Some quotes… including some that I will use as mantra’s on some future run:

We might not have been as experienced as the other teams, and we definitely weren’t as well equipped, but we were focused. Coach had only three commandments: Be in shape. Work hard. Have fun. They were the perfect fundamentals for a bunch of poor redneck Minnesotans. His motto was, “Pain only hurts.”

According to bushido, the best mind for the battlefield—or the race—is that of emptiness, or an empty mind. This doesn’t mean sleepiness or inattention; the bushido concept of emptiness is more like that rush of surprise and expansiveness you get under an ice-cold waterfall. The empty mind is a dominant mind. It can draw other minds into its rhythm, the way a vacuum sucks up dirt or the way the person on the bottom of a seesaw controls the person on the top. When I hear a runner say he “runs his own race,” what I hear is bushido. Bushido is letting go of the past and the future and focusing on the moment. As Thoreau, an American practitioner (though he probably didn’t realize it) of bushido and a pretty good distance walker himself, wrote, “Our life is frittered away by detail. An honest man has hardly need to count more than his ten fingers . . . simplicity, simplicity, simplicity.” I created my own bushido exercises. I stood in icy rivers to strengthen my mind’s control over my body. I sat cross-legged and meditated, visualizing my breath, focusing.

And yet ultrarunners—even the fiercest competitors—grow to love each other because we all love the same exercise in self-sacrifice and pursuit of transcendence. Because that’s what we’re all chasing—that “zone” where we are performing at the peak of our abilities. That instant when we think we can’t go on but do go on. We all know the way that moment feels, how rarely it occurs, and the pain we have to endure to grab it back again. The longer an ultrarunner competes, I believe, the more he grows to love not only the sport, not only his fellow ultrarunners, but people in general. We all struggle to find meaning in a sometimes painful world. Ultrarunners do it in a very distilled version.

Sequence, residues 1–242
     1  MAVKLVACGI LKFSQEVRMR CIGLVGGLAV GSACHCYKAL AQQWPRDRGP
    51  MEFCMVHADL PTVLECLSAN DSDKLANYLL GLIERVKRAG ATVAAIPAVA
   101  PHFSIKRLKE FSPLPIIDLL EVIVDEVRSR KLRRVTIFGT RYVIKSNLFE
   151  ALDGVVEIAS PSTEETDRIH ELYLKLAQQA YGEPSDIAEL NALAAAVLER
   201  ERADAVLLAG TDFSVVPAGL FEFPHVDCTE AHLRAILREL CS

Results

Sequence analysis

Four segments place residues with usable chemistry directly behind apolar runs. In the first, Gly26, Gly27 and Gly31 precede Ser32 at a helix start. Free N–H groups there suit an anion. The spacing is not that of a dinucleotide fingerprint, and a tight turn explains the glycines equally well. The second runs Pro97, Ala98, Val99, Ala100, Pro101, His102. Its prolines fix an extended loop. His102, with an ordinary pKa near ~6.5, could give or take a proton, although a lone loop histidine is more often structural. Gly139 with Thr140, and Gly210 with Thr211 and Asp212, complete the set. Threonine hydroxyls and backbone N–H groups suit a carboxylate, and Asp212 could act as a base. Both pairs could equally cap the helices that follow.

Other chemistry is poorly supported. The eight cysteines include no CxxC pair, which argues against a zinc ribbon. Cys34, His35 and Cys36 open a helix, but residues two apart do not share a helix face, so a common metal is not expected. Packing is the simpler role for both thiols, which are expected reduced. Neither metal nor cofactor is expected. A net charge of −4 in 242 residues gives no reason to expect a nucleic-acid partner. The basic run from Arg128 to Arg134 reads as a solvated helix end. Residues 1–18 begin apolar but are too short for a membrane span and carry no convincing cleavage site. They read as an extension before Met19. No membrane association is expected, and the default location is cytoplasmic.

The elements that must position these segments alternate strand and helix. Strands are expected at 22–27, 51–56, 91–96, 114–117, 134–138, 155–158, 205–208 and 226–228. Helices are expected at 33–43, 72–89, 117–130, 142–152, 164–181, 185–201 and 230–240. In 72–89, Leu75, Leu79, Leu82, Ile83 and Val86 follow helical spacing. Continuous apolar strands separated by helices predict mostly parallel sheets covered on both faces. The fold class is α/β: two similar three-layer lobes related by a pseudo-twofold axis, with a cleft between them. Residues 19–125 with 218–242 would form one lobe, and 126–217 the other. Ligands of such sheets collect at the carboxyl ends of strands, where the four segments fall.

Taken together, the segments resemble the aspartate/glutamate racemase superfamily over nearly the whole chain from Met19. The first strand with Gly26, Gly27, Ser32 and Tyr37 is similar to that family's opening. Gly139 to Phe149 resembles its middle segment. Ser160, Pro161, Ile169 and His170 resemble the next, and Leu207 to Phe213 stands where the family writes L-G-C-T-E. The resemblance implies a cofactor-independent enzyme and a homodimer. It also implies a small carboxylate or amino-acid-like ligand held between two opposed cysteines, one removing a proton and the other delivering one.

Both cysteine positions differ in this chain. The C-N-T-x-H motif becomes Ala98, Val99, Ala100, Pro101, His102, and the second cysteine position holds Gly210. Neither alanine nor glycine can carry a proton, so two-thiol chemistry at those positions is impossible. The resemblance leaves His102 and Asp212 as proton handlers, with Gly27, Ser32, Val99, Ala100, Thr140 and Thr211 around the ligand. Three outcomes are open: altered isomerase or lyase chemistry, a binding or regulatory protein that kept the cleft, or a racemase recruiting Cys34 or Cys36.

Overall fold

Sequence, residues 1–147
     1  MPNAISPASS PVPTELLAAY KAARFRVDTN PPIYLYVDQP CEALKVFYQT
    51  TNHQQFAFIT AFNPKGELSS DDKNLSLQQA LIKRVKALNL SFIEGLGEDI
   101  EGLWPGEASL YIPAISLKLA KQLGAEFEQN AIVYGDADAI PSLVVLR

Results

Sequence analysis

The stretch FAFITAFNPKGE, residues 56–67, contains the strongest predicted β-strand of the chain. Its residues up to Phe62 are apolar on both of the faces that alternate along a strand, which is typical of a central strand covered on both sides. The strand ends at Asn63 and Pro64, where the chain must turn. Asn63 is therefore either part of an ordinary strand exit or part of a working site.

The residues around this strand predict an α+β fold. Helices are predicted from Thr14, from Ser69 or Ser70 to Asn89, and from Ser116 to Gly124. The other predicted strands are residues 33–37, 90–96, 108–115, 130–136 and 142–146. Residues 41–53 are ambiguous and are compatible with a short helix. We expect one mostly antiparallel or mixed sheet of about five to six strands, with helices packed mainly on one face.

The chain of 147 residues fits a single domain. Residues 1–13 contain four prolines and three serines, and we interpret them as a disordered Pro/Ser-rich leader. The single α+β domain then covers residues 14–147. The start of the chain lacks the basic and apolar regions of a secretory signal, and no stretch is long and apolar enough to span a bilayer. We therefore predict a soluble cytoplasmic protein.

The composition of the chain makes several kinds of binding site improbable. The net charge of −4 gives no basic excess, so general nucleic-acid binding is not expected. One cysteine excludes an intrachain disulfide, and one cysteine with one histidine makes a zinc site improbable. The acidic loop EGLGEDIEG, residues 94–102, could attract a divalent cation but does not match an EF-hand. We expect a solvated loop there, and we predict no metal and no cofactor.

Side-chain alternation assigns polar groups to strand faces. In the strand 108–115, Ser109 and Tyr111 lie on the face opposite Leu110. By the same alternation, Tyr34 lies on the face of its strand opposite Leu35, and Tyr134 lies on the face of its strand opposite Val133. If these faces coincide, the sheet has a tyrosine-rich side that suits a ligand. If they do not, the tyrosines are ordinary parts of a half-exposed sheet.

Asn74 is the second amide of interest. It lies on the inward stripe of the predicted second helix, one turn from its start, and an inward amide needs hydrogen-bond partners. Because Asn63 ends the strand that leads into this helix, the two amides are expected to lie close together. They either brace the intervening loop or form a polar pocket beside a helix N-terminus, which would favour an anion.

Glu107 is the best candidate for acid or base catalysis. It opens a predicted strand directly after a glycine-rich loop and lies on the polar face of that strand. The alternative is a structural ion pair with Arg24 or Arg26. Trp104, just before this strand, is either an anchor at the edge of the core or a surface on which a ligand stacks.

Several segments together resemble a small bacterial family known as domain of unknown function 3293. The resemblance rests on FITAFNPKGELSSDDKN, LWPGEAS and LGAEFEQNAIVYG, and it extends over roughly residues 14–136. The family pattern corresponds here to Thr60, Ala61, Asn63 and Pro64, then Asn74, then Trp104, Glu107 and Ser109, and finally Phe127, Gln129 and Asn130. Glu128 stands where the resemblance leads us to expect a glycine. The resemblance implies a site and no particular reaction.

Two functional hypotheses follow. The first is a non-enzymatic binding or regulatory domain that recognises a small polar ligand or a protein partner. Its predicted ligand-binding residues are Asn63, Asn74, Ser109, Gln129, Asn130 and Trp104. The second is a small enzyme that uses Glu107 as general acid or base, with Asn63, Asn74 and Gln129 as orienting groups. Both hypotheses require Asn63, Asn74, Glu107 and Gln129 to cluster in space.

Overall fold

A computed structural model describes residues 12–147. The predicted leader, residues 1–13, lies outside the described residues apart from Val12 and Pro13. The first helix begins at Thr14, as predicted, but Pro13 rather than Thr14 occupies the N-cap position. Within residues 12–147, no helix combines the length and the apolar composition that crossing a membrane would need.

I’ve got a bunch of other quotes in my Evernote notebook, but that is good for now.  Enjoy!

Welcome to the Book of Common Prayer. Vicki K. Black.

As some of you may know, we recently started attending an Anglican church (the reasons for which I won’t get into on this blog).  As part of that switch, I want to learn more about the Book of Common Prayer, which is used constantly in the Anglican Church.   This little book by Vicki Black is a great starting point for the history of the BCP, though it does not get into actual methods for using the BCP.

I’ll just include the following Instagram Photo I took of one passage for this “review:”